Today, we’re taking a look at the theory and psychology behind the size, framing, and visual weight of different elements in your photographic composition. You’d be surprised how much there is to learn about this choice, and the impact your decision can have!
Photographs are our visions, created within the viewfinder, composed and registered with a click of a button. Sometimes this initial composition is the final composition, and sometimes it’s not. Sometimes we compose our scene with the intent of creating our final vision right at that moment, whereas sometimes we compose a scene with the intent of later cropping or extending our vision.
Most 35mm format photos are taken tightly, composing for the final image. Large formats however, allow us to crop and recompose without jeopardizing the quality of our image. And finally, square formats are less convenient for final compositions and are often later cropped to more desirable ones.
Frame Dimensions and Direction
Unlike other forms of graphic art, a photograph has always been bound by spatial dimensions that are limited to the image frame. And more often than not, those dimensions guard and eventually influence the composition of our scenes.
Up until the whole evolution of digital photography, the most common image frame format was that of a 3:2 width to height ratio, which is the standard frame format of a 35mm film with dimensions of 36×24mm. With the advancement of digital photography, the more natural frame format of a 4:3 width to height ratio was soon adopted in low to medium level consumer cameras. This allowed for a more horizontally expanded, naturally viewed image frame especially on computer screens and standard size print paper.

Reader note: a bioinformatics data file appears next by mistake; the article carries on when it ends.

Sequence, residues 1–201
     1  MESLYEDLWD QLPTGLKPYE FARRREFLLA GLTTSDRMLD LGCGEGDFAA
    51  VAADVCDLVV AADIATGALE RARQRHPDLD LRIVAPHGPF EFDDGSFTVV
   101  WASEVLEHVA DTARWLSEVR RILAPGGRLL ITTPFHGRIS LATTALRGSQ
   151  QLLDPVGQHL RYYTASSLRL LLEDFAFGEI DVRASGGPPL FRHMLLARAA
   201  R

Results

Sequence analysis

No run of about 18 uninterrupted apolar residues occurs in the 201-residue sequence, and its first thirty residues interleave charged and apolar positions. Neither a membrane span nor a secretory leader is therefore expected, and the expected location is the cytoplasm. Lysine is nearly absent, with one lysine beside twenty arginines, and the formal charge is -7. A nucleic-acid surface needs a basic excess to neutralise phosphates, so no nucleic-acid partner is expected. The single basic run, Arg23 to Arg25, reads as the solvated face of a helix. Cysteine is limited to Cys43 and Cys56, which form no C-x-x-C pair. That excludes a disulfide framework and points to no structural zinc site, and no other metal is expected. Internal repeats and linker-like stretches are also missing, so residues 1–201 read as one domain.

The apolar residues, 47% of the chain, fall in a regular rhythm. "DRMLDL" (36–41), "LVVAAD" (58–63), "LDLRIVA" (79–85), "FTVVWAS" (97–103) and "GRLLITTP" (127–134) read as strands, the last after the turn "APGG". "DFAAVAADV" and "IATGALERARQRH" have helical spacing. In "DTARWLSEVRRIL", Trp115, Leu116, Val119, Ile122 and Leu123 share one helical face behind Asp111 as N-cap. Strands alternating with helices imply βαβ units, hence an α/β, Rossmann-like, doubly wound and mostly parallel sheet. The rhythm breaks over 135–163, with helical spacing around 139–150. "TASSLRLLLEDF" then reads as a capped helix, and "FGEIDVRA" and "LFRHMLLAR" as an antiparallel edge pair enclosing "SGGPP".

The 35mm film format was subtly transferred into digital photography creating something of a gap between the professional/serious amateur photographer, and other photographers. And its long lived popularity is just a little evidence of how easily our sense of visceral composition adapts.
Horizontal or Vertical?
Our natural vision often suggests a horizontal view (because of the way we naturally observe with our eyes) which may be the most influential reason why photographs are often composed horizontally rather than vertically. Another, less fundamental, reason is the ease of hand holding a camera in a horizontal manner due to build and design.
When a subject is vertically elongated, it makes more sense and is more naturally perceived by human vision when framed vertically. If our scene or subject expands horizontally (or equally in both directions), it is more naturally perceived by human vision framed horizontally.